How leads work

With Local Services Ads, you only pay for leads related to your business or the services you offer. Here’s how it works:

  • You set an average weekly budget based on the average number of leads you want to receive in any given week.
  • You set your bidding mode for the max you’re willing to pay for a lead. Learn more about how bidding works
  • You may sometimes spend more on leads than your average weekly budget in a given week, but you’ll never spend more than your monthly max, which is your average weekly budget multiplied by the average number of weeks in a month. Learn more about how to edit your budget
  • You can immediately dispute leads that you believe aren’t valid. Successfully disputed leads are later credited back to you (US and Canada only). Learn more about disputing leads

How you’re charged

You are charged for each valid lead you receive through your Local Services ad. Lead prices may vary depending on your location, the job type, the type of lead, or your bidding mode, but each lead received will count towards your budget.

Once you’ve hit your monthly max, your ad will no longer appear for the remainder of the month unless you adjust your budget.

You can view how much you've been charged for your leads by going to the Billing menu in your leads inbox. Learn more about billing

Billing for Local Services Ads is managed by Google Ads. Any suspension in your Google Ads account will also suspend your Local Services Ads.

Note: Message leads are currently priced at 50% of the corresponding phone lead. Booking leads are currently charged at the same rate as phone leads. Message and booking leads are currently only available in the U.S. and Canada.

Valid leads

Note: The ability to dispute charged leads is currently only available in the U.S. and Canada.
Valid leads are related to your business or to the services you offer, and can occur in the following situations when customers find your Local Services ad on Google:
  • You receive a text message or email from the customer (US and Canada only).
  • You receive a voicemail from the customer.
  • You answer a phone call and speak with the customer.
  • You receive a missed call (without a voicemail), and you return the customer’s message with a text message, email or call where you either speak with the customer or leave a voicemail.
  • You receive a booking request from a customer (US only).

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When a lead isn’t charged, you’ll see the following note in your account:

Product screenshot of not seeing the “Dispute” option


Disputing invalid leads (US & Canada only)

The ability to dispute charged leads is currently only available in the U.S. and Canada and is up to Google’s discretion. If you receive an invalid charge, you have 30 days to dispute the charge in your account. Credit requests for invalid leads won’t be considered after 30 days. All dispute decisions are final.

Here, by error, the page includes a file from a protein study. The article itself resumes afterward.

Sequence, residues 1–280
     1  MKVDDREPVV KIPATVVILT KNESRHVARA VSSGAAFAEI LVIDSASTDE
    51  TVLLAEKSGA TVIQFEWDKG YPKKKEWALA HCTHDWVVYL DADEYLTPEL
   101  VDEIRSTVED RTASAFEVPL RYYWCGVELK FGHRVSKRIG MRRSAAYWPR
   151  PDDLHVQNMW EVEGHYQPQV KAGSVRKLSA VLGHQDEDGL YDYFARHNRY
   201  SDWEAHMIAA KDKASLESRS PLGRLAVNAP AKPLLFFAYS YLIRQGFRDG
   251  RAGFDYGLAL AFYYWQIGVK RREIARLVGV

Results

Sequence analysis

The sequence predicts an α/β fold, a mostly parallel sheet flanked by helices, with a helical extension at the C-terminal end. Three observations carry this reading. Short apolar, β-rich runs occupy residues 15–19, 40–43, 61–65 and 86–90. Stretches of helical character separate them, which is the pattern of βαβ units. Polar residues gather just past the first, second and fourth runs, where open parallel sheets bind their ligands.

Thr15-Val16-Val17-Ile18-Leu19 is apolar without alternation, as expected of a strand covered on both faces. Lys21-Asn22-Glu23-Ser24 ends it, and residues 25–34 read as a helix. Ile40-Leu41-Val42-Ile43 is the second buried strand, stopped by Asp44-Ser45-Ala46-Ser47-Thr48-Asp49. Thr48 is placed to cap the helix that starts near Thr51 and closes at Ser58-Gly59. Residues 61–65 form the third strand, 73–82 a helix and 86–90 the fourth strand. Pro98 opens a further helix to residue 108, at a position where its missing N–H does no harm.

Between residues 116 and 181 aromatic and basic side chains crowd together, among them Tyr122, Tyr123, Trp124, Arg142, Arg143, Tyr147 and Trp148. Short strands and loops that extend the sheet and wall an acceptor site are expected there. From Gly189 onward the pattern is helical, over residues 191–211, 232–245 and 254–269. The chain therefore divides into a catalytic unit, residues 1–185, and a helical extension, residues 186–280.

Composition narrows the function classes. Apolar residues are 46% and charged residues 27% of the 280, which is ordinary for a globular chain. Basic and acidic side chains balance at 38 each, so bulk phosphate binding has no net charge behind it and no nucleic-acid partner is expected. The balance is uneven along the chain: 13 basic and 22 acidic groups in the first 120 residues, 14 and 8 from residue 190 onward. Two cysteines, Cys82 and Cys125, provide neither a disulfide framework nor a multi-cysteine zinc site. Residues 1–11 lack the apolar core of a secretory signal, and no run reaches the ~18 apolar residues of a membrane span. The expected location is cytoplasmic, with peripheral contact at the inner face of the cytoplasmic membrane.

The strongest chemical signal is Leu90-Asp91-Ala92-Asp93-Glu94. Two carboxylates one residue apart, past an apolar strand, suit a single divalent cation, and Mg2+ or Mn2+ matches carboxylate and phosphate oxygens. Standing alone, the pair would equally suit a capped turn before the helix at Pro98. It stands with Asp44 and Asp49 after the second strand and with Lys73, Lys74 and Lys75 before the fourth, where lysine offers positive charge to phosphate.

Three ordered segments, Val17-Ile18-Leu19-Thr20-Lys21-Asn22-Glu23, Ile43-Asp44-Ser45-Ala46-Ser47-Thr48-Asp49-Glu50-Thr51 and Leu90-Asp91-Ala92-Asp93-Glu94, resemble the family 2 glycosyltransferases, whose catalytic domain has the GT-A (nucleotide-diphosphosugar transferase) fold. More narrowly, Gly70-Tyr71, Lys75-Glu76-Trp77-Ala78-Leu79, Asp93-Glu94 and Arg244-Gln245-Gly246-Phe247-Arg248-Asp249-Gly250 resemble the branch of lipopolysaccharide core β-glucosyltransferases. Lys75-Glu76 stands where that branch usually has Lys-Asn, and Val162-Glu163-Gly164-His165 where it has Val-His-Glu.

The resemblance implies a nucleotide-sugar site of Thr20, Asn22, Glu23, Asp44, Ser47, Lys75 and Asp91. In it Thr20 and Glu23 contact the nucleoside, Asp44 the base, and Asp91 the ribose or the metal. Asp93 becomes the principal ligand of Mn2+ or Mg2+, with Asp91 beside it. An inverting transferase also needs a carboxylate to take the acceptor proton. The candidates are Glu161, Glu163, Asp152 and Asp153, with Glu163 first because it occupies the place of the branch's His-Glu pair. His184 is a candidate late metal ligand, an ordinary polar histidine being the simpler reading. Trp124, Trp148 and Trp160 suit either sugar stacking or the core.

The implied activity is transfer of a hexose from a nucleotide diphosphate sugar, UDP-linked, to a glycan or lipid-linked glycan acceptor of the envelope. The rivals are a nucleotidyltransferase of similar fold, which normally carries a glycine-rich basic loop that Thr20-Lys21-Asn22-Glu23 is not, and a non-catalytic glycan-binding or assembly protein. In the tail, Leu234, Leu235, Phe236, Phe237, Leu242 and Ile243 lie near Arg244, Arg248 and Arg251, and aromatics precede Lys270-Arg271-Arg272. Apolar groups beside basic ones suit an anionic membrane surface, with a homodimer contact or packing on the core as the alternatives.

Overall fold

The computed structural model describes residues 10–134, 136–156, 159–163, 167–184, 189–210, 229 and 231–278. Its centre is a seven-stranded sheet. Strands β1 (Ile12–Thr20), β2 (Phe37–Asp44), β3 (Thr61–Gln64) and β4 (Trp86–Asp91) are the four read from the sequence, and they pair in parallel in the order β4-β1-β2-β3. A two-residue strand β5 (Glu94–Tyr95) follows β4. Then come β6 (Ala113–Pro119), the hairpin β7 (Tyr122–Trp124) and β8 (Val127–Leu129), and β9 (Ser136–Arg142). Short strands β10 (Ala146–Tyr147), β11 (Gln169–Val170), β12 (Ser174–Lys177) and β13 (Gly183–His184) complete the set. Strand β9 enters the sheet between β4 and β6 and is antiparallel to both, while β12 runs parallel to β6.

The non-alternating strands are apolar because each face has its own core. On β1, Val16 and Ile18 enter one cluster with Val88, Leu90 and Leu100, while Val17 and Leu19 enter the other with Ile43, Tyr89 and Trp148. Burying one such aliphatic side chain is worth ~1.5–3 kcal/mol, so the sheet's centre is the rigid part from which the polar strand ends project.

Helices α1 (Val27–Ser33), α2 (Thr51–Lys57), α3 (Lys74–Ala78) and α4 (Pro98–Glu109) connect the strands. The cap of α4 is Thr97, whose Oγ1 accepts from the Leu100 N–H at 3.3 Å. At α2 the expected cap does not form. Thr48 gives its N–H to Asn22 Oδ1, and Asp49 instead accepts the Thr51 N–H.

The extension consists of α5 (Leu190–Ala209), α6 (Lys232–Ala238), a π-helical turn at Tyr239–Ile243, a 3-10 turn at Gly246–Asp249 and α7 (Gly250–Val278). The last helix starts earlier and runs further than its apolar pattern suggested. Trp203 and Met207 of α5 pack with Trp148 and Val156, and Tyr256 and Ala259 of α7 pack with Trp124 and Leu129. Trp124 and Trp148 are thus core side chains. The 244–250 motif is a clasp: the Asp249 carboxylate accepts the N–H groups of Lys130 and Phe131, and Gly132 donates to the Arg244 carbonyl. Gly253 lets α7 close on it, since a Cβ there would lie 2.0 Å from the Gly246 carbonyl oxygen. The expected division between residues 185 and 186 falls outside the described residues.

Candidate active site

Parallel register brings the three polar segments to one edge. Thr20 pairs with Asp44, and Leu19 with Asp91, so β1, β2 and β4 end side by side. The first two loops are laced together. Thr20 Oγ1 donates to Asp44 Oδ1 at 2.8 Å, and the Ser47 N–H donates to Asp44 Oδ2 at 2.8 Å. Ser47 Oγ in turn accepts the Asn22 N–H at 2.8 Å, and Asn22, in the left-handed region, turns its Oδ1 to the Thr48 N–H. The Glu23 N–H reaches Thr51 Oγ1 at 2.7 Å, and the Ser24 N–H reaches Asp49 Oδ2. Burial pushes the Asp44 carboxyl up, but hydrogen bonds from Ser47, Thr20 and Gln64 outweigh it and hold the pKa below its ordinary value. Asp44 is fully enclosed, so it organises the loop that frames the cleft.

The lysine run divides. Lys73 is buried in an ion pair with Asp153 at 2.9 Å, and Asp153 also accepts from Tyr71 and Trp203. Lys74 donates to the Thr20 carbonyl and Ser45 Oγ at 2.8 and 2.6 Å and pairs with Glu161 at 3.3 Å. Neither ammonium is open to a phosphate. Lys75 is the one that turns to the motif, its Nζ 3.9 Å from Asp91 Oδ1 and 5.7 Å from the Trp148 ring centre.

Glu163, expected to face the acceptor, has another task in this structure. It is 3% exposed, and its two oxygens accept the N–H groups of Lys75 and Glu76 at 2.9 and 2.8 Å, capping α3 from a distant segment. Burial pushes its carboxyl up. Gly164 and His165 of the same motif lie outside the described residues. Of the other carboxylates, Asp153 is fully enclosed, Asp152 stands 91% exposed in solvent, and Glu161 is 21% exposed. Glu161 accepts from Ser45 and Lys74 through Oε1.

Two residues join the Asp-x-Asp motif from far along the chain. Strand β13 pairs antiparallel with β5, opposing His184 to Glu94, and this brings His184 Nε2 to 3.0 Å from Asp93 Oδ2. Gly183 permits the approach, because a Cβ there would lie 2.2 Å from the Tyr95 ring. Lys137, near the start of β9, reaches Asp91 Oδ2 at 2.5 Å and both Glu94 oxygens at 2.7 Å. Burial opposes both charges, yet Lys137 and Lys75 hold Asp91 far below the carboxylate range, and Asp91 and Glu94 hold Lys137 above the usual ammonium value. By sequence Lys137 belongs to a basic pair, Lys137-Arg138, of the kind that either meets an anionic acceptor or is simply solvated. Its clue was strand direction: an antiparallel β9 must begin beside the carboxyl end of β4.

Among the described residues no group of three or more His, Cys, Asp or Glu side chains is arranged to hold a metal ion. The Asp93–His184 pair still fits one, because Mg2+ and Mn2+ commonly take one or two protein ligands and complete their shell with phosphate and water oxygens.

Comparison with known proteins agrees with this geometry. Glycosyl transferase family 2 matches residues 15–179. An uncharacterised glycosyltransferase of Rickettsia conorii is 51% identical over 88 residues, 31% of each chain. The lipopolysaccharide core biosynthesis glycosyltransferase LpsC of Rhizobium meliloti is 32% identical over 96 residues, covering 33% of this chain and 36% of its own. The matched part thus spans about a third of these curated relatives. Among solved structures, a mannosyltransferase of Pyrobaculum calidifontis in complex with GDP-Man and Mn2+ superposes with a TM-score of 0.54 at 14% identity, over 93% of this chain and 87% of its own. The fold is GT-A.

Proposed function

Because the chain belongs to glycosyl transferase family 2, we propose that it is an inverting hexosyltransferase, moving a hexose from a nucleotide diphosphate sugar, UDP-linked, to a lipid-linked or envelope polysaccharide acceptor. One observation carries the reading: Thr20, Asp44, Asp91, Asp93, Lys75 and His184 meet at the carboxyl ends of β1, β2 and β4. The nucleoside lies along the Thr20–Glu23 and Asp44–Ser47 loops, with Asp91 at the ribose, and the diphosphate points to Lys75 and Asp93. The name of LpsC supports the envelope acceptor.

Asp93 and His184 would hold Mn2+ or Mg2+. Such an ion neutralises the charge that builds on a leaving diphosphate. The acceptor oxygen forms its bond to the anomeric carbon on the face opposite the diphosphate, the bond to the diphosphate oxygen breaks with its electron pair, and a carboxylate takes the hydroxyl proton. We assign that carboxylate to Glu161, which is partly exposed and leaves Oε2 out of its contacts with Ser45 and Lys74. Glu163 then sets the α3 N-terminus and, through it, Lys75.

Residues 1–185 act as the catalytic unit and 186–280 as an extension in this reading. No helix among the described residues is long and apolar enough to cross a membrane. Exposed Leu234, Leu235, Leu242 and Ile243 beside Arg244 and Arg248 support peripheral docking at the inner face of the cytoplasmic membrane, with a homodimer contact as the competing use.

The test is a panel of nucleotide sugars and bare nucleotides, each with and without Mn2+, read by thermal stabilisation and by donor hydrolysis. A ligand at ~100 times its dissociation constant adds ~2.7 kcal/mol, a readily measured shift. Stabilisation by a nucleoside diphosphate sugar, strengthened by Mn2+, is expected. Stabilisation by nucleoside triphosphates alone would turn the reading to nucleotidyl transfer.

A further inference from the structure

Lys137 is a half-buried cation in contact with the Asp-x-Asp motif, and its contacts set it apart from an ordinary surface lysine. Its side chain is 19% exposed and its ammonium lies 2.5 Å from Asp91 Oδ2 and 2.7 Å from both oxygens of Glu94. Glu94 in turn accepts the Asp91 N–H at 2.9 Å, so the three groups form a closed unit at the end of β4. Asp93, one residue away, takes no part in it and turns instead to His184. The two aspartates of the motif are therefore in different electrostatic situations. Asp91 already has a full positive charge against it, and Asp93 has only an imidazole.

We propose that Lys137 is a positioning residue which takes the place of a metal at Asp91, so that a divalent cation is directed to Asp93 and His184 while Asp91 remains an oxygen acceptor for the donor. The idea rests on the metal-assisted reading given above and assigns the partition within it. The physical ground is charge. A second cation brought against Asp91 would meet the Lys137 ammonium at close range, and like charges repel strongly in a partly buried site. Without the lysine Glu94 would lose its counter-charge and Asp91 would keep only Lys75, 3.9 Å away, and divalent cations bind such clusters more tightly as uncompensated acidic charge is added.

Before crediting a lead, Google will listen to call recordings to verify that one of the approved reasons below applies. Learn more about Local Services Ads data

Google also regularly reviews leads, and credits any identified invalid leads. If you can’t find a lead that you want to dispute, it’s possible that it has already been credited or was never charged.

Dispute category Examples
  • Call was from a wrong number.
  • Caller was trying to sell you a product or service.
  • Call was from someone seeking employment at your business.
  • Call was pre-recorded.
  • Call was otherwise not from a live human.
Location not served
  • The customer communicated their location, the location wasn’t listed on your profile, and you declined the job.
Service not offered
  • The customer communicated their service type, the service wasn’t listed on your profile, and you declined the job.
  • Caller was looking for a physical store, or looking to buy something other than a service (for example, parts).

Examples of valid leads that won’t be credited

  • Lead was received outside of your business hours.
  • Customer asked for advice to complete a project related to a service you offer.
  • Customer cancelled a booking.
  • Customer was researching potential projects or prices related to a service you offer.
  • Customer didn’t respond to your return call or message.
  • You listed a general service type on your profile, but you don’t do a specific sub-type of service. For example, your profile lists you as doing water heater repairs but you don’t service tankless water heaters.
  • You generally service an area or provide a service, but are temporarily unable/unwilling to provide these services (and they are still listed on your profile).
  • If you are in a law vertical, have turned on general lawyer leads, and the lead is for any type of law service, it will not be credited under the dispute type “service not offered”.
Note: If you are advertising through a partner affiliate, the above information does not apply to you. Learn more about partner affiliate providers

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